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Donna Nordstrom, tourism coordinator with the Heritage Corridor Visitors Bureau, hands local brochures and magazines to Victor Luna of Chicago, who had come to fish the Illinois River with children Leo, 8, and Valeria, 12. Illinois reached a tourist milestone last year, welcoming 100 million visitors, and area tourist officials confirm that the Illinois Valley area joined in the trend. Most municipalities that track hotel-motel tax receipts reported an increase suggesting that tourism in North Central Illinois has risen over the past few years.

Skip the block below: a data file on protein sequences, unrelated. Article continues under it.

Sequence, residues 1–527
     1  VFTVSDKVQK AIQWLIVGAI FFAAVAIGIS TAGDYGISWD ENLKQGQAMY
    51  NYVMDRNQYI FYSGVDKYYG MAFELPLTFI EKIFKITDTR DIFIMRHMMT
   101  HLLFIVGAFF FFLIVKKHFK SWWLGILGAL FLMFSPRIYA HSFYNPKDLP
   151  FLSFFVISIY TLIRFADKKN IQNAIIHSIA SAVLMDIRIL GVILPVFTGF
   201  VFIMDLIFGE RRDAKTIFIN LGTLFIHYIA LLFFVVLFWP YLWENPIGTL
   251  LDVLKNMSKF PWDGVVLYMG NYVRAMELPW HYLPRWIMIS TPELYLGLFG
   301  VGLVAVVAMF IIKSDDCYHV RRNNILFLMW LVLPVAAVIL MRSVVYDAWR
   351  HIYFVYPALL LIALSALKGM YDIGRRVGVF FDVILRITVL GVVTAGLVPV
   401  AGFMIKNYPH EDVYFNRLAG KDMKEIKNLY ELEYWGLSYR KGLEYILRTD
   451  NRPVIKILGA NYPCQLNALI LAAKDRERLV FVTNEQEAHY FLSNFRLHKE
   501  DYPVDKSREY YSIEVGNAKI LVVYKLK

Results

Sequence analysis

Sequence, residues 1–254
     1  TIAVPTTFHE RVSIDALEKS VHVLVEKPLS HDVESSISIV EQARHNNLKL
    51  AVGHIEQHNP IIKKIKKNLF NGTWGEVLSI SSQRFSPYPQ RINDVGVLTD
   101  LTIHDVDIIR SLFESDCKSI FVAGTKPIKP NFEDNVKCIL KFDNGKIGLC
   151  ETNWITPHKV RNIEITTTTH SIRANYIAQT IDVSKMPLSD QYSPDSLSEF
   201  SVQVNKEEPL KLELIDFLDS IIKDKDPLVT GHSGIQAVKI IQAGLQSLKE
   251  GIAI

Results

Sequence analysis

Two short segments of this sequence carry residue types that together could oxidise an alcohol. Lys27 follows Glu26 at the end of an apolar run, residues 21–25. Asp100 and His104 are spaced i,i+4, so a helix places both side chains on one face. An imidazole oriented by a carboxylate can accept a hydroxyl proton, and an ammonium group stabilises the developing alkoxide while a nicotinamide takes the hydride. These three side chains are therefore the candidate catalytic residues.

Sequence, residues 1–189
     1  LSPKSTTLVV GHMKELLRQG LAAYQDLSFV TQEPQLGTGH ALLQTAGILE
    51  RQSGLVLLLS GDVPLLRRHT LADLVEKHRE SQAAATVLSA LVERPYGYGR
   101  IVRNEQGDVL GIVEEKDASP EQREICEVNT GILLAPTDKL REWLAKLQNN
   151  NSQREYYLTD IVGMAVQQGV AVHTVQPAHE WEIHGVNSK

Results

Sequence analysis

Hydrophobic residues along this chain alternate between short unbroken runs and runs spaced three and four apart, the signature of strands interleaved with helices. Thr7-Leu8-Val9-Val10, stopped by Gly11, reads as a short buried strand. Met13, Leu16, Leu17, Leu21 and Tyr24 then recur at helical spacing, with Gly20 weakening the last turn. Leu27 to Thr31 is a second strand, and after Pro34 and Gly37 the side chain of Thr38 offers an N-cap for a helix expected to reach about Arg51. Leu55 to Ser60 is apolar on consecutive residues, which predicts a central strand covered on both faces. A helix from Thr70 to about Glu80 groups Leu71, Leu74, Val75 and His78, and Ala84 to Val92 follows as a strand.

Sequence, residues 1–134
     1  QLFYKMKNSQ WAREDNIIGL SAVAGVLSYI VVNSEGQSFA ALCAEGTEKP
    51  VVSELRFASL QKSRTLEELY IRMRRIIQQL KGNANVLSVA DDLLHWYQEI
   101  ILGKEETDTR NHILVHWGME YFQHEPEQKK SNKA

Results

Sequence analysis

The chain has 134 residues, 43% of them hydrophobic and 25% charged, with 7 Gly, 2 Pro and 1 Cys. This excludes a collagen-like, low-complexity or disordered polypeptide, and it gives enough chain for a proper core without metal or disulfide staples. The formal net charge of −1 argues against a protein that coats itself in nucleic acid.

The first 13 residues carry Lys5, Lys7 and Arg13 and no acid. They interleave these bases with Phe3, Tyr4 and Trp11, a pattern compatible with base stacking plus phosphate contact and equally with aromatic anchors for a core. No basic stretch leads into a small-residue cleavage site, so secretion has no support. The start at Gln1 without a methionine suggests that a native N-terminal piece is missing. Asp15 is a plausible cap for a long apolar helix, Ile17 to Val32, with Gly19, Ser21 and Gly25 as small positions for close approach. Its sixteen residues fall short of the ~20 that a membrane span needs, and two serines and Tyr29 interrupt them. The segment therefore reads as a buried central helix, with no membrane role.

Oglesby went hard after the teams and families that come to the Central States sports tournaments, hoping to fill the city’s hotels and dining rooms. It’s worked. Oglesby’s hotel-motel tax receipts have climbed nearly 20 percent in two years, from just under $56,000 in Fiscal Year 2011 to nearly $68,000 in the fiscal year ending April 30. City clerk Becky Clinard said Oglesby has capitalized by recognizing people are vacationing closer to home — the fruits of a stagnant economy — and increasing the offerings to visitors from the Chicago area. “I think everything we’ve been doing — the festivals and the sporting events — are starting to have a bigger draw,” Clinard said. “I think the whole region is working better at bringing people in.” And in so doing, the Illinois Valley has helped the Land of Lincoln reach a remarkable milestone: Last year, Illinois welcomed 100 million visitors for the first time. The Associated Press reported that 2 million international visitors came to Illinois last year — an increase of 11.8 percent from just a year earlier — and the crush of foreigners lifted Illinois past the 100 million mark for the first time. Domestic visitors, too, have climbed more than 6 percent over the same period. More tourism means more money in the till. Domestic and international travelers spent $33.5 billion in Illinois last year, AP reported, which is up 5.7 percent. State officials say those dollars created nearly 300,000 jobs in the Illinois economy. The swell has been noticed both regionally and locally. As was the case in Oglesby, Peru reported a significant jump in the so-called “pillow taxes.” The city’s six hotels yielded nearly $221,000 in hotel-motel taxes in 2010; last year that figure rocketed to nearly $303,000. “There’s a sentiment that many people are staying closer to home,” agreed city clerk Dave Bartley. “And we have an excellent location in Peru with our proximity to (Interstates) 39 and 80.” Between 2010 and 2011, Ottawa’s hotel-motel taxes abruptly jumped from $274,000 to $317,000 and have stayed above the $300,000 threshold. The city owes its success not only to the new Fairfield Inn on Etna Road but also to a slew of fairs and festivals and aggressive marketing by the city and the Ottawa Visitors Center. Julie Johnson, executive director of OVC, said the agency maintains a headcount report showing how many people come in contact with OVC. That figure swelled from 5,673 five years ago to 14,114 last year, including more than 2,700 who came into town for the wine festival. “It’s exhausting, but it’s fun,” Johnson said of greeting the tide of visitors. “And if you talk to the restaurateurs, everybody was packed.” Even communities not immediately adjacent to the freeways are enjoying a bump. The Illinois Travel Effect Road Show reported tourist receipts climbed in 2012 and said North Central Illinois was among the beneficiaries. A four-county region that includes La Salle, Putnam, Will and Grundy counties reported more than $837 million in tourist receipts, up 4 percent from 2011, and $18.4 million in local tax receipts, up 5.6 percent from 2011. Starved Rock State park clearly was one of the principal draws. Starved Rock has drawn an unprecedented 8.5 million visitors over the past four years, setting a single-year attendance record in 2011 and just missing that mark again in 2012. Kathy Casstevens, marketing director for Starved Rock Lodge, noted the documented increase in international visitors at Starved Rock — she recently greeted a family from the Ukraine — a trend she attributes in part to Chicago hoteliers recommending the park as a worthy side trip. “And how wonderful that we have people who advocate from Chicago,” she said. “Not only are we the best place to be outside Chicago, but also a great halfway point between Chicago and Springfield and Chicago and St. Louis.” Joe Hook, general managing partner at Grand Bear Lodge in Utica, said he hasn’t had many international travelers but otherwise agreed that tourist activity has climbed at his resort and conference center. “Overall, our numbers were up slightly,” Hook affirmed. “It is trending in the right direction.”